Receipt of Benefits Has Declined, with Continued Disparities for Low-Wage and Part-Time Workers
GAO-07-1243T, Sep 19, 2007
The Unemployment Insurance (UI) program has been a key component in ensuring the financial security of America's workforce. In the 72 years since the UI program began, the nature of work has changed in fundamental ways. In recent decades the number of low-wage jobs, the average duration of unemployment, and the number of women in the workforce have all increased. This testimony addresses: (1) the overall trend in the usage of UI; (2) the likelihood that low-wage workers will be unemployed and receive UI benefits, especially when compared to higher-wage workers; and (3) the likelihood that part-time workers receive UI benefits. This testimony is based primarily on GAO's September 2007 report (GAO-07-1147) on the same topic as well additional analyses. In that report, GAO made no recommendations and the Department of Labor generally agreed with the findings. For that report, GAO analyzed data on UI regular program recipiency rates provided by Labor, and GAO examined data from the Survey of Income and Program Participation (SIPP), a national database maintained by the Bureau of the Census. For GAO's purposes, SIPP data were available for the periods 1992 through 1995, 1998 and 2003.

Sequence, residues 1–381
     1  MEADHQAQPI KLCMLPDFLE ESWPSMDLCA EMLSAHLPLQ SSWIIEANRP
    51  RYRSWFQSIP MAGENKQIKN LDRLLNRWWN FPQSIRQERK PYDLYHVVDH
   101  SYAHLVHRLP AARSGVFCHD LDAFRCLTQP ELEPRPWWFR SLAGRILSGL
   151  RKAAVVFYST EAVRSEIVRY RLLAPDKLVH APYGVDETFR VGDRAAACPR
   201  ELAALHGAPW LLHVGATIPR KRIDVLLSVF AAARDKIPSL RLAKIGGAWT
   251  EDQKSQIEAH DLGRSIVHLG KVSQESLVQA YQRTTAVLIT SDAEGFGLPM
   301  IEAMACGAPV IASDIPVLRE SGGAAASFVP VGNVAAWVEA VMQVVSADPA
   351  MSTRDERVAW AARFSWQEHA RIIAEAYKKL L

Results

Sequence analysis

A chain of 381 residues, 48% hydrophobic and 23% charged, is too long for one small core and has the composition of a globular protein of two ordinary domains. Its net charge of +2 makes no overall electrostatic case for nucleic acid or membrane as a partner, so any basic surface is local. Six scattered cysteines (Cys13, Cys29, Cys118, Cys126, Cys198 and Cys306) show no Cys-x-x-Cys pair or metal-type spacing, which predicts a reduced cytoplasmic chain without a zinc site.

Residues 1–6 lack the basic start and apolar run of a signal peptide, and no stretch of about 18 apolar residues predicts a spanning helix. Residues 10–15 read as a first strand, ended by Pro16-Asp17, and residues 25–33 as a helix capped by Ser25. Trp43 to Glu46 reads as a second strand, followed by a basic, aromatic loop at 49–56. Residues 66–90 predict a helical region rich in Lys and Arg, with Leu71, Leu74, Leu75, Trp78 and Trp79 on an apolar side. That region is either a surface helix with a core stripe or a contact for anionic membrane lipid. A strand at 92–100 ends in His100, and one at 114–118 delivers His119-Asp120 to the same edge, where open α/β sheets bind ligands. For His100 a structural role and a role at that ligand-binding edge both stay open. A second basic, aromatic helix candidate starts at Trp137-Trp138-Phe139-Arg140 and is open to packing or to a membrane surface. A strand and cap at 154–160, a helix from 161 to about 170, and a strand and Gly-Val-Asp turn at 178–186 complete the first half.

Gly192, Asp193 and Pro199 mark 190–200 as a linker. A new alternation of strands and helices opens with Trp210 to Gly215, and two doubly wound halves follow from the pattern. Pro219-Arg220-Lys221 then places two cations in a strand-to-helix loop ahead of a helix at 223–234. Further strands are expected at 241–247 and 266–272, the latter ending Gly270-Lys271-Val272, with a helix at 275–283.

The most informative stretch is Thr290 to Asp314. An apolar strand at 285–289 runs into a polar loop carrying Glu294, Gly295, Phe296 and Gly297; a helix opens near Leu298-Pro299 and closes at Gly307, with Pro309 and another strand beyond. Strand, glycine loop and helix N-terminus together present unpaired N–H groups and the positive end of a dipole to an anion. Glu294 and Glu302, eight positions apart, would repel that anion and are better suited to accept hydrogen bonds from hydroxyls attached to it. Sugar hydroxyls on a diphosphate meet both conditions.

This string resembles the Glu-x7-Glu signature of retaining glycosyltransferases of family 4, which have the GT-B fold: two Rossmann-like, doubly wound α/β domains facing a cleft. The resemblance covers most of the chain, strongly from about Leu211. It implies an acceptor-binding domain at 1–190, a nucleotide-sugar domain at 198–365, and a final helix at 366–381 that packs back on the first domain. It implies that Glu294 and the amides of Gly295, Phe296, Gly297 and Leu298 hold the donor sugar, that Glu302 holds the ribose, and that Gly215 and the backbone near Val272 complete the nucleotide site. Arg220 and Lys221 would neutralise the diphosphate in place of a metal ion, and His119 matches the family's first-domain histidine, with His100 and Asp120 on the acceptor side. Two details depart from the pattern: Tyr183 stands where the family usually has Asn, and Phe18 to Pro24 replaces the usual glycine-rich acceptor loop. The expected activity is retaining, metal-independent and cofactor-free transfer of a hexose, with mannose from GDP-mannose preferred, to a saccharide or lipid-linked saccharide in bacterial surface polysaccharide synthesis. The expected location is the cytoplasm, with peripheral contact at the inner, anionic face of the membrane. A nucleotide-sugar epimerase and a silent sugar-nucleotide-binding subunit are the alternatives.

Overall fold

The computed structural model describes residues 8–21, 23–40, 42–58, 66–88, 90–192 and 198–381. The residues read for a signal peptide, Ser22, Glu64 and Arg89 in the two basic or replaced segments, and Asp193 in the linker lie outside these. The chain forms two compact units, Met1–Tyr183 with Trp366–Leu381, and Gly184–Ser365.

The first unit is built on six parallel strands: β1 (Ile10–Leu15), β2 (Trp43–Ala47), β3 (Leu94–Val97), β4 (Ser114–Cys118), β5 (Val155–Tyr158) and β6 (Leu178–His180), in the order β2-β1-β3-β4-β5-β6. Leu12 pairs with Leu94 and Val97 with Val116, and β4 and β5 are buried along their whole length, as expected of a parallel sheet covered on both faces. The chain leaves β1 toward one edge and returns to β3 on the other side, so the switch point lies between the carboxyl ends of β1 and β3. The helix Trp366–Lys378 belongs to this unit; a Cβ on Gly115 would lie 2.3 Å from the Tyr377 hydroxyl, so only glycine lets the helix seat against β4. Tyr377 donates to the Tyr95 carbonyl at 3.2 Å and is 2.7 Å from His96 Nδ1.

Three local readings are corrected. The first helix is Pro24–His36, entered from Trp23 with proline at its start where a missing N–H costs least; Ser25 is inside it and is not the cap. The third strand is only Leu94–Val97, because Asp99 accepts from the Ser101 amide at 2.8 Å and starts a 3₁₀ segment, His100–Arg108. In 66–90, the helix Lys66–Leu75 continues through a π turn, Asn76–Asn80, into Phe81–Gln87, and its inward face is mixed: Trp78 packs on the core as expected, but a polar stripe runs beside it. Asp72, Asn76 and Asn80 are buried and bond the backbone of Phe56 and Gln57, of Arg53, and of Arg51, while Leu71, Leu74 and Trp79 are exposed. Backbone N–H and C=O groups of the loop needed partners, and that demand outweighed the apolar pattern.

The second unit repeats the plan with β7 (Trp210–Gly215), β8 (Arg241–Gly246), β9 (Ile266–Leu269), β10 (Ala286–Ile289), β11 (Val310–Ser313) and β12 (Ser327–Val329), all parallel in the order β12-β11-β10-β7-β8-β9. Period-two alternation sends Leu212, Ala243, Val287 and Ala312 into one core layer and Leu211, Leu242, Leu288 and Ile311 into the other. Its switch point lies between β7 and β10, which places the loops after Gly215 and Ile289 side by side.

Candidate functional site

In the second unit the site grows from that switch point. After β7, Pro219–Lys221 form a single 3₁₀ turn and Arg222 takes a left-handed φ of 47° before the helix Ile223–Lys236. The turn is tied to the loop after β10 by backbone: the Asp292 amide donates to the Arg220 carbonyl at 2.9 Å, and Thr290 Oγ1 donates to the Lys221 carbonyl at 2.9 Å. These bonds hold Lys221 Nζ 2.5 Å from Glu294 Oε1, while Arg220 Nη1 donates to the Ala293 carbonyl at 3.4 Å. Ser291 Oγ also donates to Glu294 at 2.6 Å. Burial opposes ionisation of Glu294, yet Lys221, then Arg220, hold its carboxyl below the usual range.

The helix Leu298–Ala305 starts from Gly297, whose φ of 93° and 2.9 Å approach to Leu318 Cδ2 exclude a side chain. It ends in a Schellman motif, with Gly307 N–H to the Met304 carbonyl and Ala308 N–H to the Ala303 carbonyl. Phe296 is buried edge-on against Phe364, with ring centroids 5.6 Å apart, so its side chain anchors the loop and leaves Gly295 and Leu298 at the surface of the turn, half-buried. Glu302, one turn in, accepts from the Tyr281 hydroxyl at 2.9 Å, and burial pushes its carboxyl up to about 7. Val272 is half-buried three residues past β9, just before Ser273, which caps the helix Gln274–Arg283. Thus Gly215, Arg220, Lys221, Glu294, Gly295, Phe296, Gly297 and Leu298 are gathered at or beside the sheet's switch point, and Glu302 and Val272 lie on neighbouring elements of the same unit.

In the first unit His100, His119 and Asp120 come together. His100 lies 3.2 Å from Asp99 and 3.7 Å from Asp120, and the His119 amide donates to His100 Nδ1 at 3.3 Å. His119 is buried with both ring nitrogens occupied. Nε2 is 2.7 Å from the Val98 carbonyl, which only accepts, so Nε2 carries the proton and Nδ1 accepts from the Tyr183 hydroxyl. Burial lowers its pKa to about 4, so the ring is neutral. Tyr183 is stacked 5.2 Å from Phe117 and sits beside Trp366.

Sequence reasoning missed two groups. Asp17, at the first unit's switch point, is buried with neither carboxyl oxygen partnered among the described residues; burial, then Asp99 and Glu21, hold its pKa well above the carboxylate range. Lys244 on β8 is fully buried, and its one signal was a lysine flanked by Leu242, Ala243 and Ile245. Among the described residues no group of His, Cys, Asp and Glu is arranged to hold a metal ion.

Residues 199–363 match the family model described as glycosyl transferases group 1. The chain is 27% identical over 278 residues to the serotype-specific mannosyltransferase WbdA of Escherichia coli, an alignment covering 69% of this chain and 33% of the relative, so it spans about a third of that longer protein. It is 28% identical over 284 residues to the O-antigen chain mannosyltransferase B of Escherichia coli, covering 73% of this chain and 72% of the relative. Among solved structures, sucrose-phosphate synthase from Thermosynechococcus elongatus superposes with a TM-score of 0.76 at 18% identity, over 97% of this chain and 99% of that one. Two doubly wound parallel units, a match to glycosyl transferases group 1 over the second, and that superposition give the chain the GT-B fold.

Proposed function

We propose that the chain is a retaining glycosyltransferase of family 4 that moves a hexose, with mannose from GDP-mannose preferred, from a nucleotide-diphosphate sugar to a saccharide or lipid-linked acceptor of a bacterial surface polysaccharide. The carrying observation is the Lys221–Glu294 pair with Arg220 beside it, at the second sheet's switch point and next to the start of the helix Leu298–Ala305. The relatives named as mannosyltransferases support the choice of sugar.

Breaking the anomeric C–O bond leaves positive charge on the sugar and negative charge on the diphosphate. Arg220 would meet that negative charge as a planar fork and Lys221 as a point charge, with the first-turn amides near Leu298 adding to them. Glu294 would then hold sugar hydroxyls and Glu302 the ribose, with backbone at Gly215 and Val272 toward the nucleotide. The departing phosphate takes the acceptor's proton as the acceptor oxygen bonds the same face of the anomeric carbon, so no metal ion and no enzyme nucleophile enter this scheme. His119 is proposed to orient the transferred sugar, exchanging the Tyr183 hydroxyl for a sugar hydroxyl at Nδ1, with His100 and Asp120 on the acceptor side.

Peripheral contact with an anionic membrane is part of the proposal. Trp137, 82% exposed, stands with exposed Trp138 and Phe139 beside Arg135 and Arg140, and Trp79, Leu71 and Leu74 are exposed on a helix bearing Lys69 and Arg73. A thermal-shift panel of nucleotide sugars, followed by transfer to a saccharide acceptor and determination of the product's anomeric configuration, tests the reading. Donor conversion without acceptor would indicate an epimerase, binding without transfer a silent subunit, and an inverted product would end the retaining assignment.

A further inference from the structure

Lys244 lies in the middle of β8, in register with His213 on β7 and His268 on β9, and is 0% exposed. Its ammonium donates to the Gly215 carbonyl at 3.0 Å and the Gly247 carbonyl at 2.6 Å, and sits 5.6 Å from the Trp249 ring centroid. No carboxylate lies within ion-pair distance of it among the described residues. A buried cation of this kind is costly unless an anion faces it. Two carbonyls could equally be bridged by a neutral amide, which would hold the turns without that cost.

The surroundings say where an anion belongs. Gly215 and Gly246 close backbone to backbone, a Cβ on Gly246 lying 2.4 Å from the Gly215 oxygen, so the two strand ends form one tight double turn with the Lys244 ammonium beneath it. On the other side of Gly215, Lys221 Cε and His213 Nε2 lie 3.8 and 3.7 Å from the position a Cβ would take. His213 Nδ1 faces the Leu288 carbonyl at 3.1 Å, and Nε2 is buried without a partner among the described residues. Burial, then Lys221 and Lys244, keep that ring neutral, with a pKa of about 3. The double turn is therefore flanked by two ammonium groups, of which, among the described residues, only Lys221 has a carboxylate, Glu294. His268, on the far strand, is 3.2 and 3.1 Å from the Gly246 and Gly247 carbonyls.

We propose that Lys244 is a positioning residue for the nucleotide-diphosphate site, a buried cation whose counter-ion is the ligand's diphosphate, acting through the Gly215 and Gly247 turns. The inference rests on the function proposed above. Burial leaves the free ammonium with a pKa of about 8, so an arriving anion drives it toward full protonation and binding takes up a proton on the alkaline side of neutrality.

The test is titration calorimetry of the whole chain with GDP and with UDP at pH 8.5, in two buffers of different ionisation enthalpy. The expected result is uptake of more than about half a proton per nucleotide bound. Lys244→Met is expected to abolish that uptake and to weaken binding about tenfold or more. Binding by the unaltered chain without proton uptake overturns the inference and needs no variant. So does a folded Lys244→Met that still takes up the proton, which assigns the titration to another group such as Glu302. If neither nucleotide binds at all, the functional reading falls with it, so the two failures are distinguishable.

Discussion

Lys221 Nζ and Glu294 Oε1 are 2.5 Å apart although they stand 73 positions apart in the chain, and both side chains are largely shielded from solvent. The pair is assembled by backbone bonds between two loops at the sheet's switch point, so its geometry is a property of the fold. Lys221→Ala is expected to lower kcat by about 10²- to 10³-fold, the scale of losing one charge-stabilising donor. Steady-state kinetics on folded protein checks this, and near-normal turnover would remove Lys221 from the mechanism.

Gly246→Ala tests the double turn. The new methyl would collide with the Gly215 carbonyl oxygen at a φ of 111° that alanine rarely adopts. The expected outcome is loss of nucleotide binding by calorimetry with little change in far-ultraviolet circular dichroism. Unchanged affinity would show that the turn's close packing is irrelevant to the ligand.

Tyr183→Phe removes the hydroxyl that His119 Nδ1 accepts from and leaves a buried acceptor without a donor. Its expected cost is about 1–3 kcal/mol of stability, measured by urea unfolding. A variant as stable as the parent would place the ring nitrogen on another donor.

The overall rate of UI receipt has increased modestly from the mid-1980s to 2005, but still remains below the near-50 percent rate of the 1950s. A comparison of UI receipt by earning levels shows that low-wage workers were less likely to receive UI benefits than higher-wage workers. Moreover, the gap between the two groups has not narrowed over time. Between 1992 and 1995--the period covered in GAO's previous analysis--low-wage workers were about half as likely to receive UI benefits as higher-wage workers. For the years 1998 and 2003--the years added for this analysis--they were about one-third as likely. Low levels of UI receipt among low-wage workers may be explained by the circumstances of low-wage workers in relation to UI eligibility rules, particularly rules in many states that do not count workers' most recent earnings toward their minimum earnings required for eligibility. Low levels of receipt may also be explained by low-wage workers' reasons for separating from work, because eligibility rules in many states do not recognize illness or disability of a family member as good cause for leaving employment. Another group facing low rates of UI receipt is part-time workers. Unemployed part-time workers were significantly less likely to collect UI than those who were full-time. This was true regardless of whether the part-time workers were low-wage or higher-wage. About two-thirds of states do not consider workers eligible for UI if they are only available for part-time work. In addition, like low-wage workers, some part-time workers may have difficulty meeting the minimum earnings requirement in states that do not count workers' most recent earnings.